Crisis is the true test of leadership, and 2020 feels a bit like the final exam. This year, we’ve weathered a global pandemic, widespread social unrest, environmental catastrophes, and unprecedented economic disruption. Leaders across the world have been forced to adapt to rapidly changing circumstances and support their teams to successfully navigate through disruption.
During a crisis, the role of a leader shifts, and those that are truly great prioritize and respond to the needs of the people that follow them. If they get it right, they — and their people — will emerge stronger and more resilient on the other side.
The changing role of leaders
Before the pandemic, employee engagement was driven by experiences such as training and development opportunities, recognition, and an alignment between company and individual objectives.
A crisis however, causes those driving factors of employee engagement to shift. In fact, Qualtrics’ 2020 Global Workforce Resilience study found that employees are most engaged when they’re confident in their leaders’ decision-making, when their managers help them adapt to organizational changes, and when they know senior leadership takes their wellbeing into consideration.
Just a few months ago, company programs that focused on employee physical and mental wellbeing were often considered an “added benefit” to the employee experience. Now, they’re a fundamental part of company strategy.
People who have manager support at work are twice as likely to have the ingredients for resilience than those who do not
Great leaders recognize that employee wellbeing is a shared responsibility between an organization and its workers, and they assume this responsibility on behalf of the organization. But what does doing so actually look like?
Assume responsibility for employee well-being
Leaders who want an engaged and resilient workforce during a crisis or disruption will empower their managers to better support teams. This includes effectively equipping them with the information they need to prepare for change, providing them with autonomy to manage workloads, and take visible action on employee feedback.
People who have manager support at work are twice as likely to have the ingredients for resilience than those who do not (86% vs. 43%), and they are three times more likely to be engaged at work (79% vs. 23%).
Managers can better support their people by:
Helping to manage stress and workloads: In its simplest form, stress occurs when a person’s job demands are greater than the resources available to meet those demands. Right now, employee’s biggest stressors may extend far beyond the workplace. Manager support in and of itself is a huge resource that employees can lean on and buffer stress. In some cases, workload may be hard to reduce, but managers can increase access to and awareness of resources & support.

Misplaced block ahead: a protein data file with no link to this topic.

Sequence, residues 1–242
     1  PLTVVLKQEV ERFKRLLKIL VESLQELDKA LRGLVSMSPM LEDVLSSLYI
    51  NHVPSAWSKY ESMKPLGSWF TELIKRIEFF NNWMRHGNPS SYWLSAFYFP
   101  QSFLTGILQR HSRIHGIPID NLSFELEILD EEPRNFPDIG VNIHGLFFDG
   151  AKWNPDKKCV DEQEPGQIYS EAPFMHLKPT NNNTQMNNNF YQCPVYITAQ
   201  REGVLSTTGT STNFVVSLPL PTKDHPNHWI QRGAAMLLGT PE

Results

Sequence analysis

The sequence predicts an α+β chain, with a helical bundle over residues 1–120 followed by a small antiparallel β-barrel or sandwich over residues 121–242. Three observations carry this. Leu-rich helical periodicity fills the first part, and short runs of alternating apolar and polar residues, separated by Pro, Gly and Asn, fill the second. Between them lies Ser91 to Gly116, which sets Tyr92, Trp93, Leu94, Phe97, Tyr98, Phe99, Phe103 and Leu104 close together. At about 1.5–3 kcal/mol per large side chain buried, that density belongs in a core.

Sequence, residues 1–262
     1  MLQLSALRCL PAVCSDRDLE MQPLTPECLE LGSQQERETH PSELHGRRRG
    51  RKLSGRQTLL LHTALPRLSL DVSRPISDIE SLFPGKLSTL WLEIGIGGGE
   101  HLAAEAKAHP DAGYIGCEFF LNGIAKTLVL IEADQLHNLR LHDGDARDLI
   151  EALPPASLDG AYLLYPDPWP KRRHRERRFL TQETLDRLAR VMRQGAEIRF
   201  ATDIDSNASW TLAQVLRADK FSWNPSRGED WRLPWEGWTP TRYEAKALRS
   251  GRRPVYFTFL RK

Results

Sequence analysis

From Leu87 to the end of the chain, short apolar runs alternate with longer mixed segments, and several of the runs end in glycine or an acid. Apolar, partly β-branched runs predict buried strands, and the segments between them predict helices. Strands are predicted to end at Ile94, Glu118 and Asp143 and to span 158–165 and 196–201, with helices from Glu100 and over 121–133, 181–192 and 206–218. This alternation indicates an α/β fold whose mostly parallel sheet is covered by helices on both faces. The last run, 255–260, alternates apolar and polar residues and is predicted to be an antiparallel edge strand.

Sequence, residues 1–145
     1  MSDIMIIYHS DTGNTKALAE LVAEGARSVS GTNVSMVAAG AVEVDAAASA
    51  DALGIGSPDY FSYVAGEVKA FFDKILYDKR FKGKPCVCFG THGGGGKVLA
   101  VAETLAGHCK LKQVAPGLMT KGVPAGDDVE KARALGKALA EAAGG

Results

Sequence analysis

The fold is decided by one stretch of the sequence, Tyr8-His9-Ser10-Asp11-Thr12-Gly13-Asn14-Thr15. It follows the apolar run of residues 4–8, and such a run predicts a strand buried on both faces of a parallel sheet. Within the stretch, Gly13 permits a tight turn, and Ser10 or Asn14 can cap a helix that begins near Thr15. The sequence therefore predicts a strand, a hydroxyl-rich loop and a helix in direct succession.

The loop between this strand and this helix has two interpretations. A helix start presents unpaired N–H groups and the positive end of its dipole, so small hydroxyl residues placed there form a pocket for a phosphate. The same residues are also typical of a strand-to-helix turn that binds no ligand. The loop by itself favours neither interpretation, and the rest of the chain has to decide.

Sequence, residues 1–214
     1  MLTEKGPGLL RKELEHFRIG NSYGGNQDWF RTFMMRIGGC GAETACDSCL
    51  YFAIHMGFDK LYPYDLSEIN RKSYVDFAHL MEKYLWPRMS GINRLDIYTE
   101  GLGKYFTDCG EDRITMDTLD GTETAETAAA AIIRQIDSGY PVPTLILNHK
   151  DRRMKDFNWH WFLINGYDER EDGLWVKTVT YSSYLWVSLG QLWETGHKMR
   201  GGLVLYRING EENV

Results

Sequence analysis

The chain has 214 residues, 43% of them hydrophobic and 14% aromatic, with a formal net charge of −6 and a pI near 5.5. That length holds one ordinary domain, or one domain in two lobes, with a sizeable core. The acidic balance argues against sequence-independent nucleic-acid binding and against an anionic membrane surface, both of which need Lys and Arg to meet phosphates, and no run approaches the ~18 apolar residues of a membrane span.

Focus on those most vulnerable: Junior staff and those who work in close contact with others during COVID-19 report feeling least resilient and safe at work. There is also consistent evidence that the impact of the pandemic is landing harder on some people more than others. Supporting these employees to manage their workloads, providing the resources they need to feel safe at work, taking visible action on their feedback and empowering frontline staff to make decisions that best serve their customers, are all strategic actions that great leaders are taking right now.
Going back to basics: Feeling physically and psychologically safe at work is a basic need for employees to show up and do their best work. Manager support and demonstrated care for the wellbeing of employees are emerging as core drivers of engagement. This means that leadership foundations of compassion, care, empathy, and transparency are more critical than ever.
Listen and act
More than 90% of workers said employee listening is either important or very important during this crisis, but only 51% were explicitly asked. Those who were given the opportunity to provide feedback were more positive about their resilience and well-being than those who were not asked. However, being asked for feedback and seeing no action as a result has basically the same outcome as not being asked at all. It is the belief that your perspective is taken into account by leaders when they make decisions, and that they care about employees that is related to positive outcomes.
Crisis is an opportunity to get the basics right
Leaders can communicate to employees how valuable their feedback is to the decision-making process by explaining how feedback will be used, ensuring communication reflects what employees are actually experiencing, sharing themes that emerge from employee feedback and how they have impacted a particular decision or action.
In 2020, leaders need to take responsibility for their employees’ wellbeing by supporting them, listening to them, and acting on their feedback. Crisis may be a difficult maze to maneuver, but it’s also an opportunity to get the basics right, and come out stronger on the other side.
A version of this article appeared on forbes.com, posted on September 30, 2020
EXPERD, Human Resources Consultant, Jakarta – Indonesia